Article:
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Interview: Wafaa Bilal

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The Iraqi political artist has reached global audiences with his thought provoking work, but it hasn’t come easy for the NYU professor. From being locked in a room for 30 days while being shot with paintballs by Internet users, experiencing the water boarding technique first hand and enduring an arduous 24-hour tattoo session to represent the casualties in the Iraq war, including his own brother - pain is a platform that has been covered extensively by Wafaa Bilal.

Wafaa BilalHis project, the 3rd Eye has received awe from the global media. It involves the artist surgically implanting a camera in the back of his head for a year and relaying a still image every minute to the Arab Museum of Modern Art in Qatar. Many wonder why on earth he would involve himself with such a painful procedure, performed not by a doctor but by a tattoo and piercing specialist.

Growing up under Saddam’s regime has undoubtedly inspired Wafaa’s engaging and breathtaking work.

“I remember in 1991 leaving my home town after being bombarded by Saddam's regime, I saw the rising smoke of the city and I wished I could have captured some of these images. If I had the apparatus to capture the city the pictures would have been very subjective. From that idea I started to think about how the photographer uses that subjectivity when taking images."

“I started thinking of the project the 3rd Eye and decided it needed to be part of my body for it to become part of the apparatus, to lose some of the subjectivity but not all of it because that would be impossible, since by choice the camera was placed in the back of my head."

“It is extremely painful, not only did I endure the operation under local anaesthesia but also you have to take care of it, half of the skin on the back of my head is now lifted where the magnetic plate is,” explains the artist.

Wafaa started to take an interest in art from an early age, but was hindered from pursuing his passion by Saddam’s regime.

“At the age of seven I started drawing, later on I graduated from high school and was denied entry to an art course because of my family’s stance against the regime.”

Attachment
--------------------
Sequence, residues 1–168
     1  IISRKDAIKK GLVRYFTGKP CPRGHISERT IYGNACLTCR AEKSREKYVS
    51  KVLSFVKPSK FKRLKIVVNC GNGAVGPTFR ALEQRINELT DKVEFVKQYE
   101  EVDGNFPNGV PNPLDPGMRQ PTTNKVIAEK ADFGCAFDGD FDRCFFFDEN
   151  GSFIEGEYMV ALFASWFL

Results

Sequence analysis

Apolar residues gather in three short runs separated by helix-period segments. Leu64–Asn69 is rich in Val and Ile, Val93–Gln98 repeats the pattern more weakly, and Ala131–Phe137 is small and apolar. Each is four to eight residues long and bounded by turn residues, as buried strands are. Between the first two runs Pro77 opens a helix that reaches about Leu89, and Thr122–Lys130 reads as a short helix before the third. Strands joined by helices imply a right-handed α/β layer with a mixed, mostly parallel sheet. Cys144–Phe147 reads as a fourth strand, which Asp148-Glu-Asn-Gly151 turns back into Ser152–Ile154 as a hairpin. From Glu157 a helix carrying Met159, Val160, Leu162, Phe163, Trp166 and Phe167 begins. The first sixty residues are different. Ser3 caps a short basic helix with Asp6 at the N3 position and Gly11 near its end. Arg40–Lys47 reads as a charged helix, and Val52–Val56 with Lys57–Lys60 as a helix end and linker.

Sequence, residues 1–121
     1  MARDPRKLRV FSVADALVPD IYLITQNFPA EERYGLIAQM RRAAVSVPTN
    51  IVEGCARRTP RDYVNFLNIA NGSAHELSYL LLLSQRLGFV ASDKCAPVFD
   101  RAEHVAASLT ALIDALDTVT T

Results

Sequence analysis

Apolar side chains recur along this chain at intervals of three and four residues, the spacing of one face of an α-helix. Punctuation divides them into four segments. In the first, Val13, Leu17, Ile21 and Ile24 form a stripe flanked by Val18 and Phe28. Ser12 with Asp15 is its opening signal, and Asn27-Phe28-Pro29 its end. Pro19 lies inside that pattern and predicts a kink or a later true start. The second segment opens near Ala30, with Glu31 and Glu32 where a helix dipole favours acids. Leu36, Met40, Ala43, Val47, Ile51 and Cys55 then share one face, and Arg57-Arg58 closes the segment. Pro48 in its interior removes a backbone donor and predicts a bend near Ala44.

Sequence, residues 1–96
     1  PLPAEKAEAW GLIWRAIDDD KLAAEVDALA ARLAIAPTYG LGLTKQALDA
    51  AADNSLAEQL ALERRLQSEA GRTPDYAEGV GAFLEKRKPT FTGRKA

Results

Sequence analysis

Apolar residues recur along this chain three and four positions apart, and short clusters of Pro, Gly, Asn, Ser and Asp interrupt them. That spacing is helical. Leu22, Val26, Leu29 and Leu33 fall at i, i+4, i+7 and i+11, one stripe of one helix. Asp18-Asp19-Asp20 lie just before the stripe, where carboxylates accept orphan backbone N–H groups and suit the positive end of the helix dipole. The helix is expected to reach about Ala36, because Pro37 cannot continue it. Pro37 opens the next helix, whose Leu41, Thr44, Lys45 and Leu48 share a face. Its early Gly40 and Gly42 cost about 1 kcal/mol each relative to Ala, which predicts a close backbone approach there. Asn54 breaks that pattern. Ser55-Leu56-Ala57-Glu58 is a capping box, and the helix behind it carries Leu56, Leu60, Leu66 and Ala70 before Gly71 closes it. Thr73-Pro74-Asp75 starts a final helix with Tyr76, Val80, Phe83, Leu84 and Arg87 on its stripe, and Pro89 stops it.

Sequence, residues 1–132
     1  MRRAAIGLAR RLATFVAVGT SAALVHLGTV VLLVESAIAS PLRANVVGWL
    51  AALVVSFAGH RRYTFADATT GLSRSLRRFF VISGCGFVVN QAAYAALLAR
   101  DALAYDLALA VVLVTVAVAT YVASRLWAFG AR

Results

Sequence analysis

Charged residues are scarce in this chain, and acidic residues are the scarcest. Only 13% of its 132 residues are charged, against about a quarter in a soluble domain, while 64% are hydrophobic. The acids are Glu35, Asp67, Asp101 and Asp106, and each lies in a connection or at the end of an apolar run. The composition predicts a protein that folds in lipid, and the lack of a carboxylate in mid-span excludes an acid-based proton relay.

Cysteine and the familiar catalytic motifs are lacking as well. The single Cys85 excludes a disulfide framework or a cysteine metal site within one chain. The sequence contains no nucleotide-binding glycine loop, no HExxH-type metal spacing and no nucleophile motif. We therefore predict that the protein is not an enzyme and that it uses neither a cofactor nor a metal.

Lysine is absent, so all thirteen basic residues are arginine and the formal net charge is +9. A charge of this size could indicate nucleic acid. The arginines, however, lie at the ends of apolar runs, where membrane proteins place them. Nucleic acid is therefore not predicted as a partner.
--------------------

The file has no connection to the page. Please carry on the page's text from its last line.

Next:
The artist’s upbringing was hard under the rule of the Saddam.

“It was horrible, definitely no freedom, as kids we were not even allowed to talk to our siblings, we were afraid of expressing ourselves. There were many incidents where siblings reported each other to the government.”

The artist showed great courage when he opposed the regime and rejected to fight in the war with Kuwait, but of course this would seal a grim fate for Wafaa if he were to stay in his home country.

“It was in college when army officers came to ask students to fight in the war. I had a bad relationship with one of the teachers and he picked on me to be the first one to volunteer I refused and from then on I knew that there was no way I could stay in Iraq. I was on the run. I got to Kuwait where I was arrested because I was mistaken for being part of Saddam’s regime, but luckily I was released and after 40 days on the border I was sent to a refugee camp in Saudi Arabia, where I stayed for two years. This is how much freedom means to me, I didn’t accept the status quo and it broke my heart to see the use of fear and the lack of freedom in the Bush regime.”

The professor has also hooked himself up with GPS so anyone can view his location via the Internet – a direct dig at surveillance in our society.

“Unfortunately the act of 9/11 has been negatively used by the government to confiscate more and more freedom. Part of the 3rd Eye is to comment on how much we are watched. I read a statistic that 3 agents are watching every Middle Eastern man in the United States, that’s a huge number and such a waste of resources.”

The terrifying experience has undoubtedly shaped the artist into crafting political pieces of art. Wafaa hadn’t been back to Iraq until 2009, the term homesickness takes on a new meaning.

“It was the strangest trip that I have ever took, when you leave a place you keep a mental image, you don’t update it. Nineteen years is a long time to be away, what struck me the most was not the physical change but the mental change of people. It was weird to see my siblings because I didn’t know them when they were growing up and the visit left a bitter taste in my mouth because I missed their childhood, which I was enjoying. It made me realise where I belong; I feel like I don’t belong to one place but two places. My art work has given me the ability to stay connected with Iraq.”  

Wafaa insists that it would be wrong to neglect his past and create art that purely meets aesthetic needs. Using his art as therapy could explain Wafaa’s kind and mellow demeanour.

“I think my art is always political, even the decision of not making political art is a political decision. To me art is meditation; we could meditate on aesthetic, we could meditate on pain. My position does not allow me to meditate on aesthetic, so by nature the work becomes political, not by choice but I’m in a position that I have to express myself through this medium. My subject is my life.”

What could the professor possibly be planning next to carry on shocking the art world?

“My friends ask me ‘what are you going to do next?’ I just want to sit in the sun and enjoy a cup of tea.”

To view the artist’s project visit, www.3rdi.me.  The artist’s previous work can be found on his website, www.wafaabilal.com

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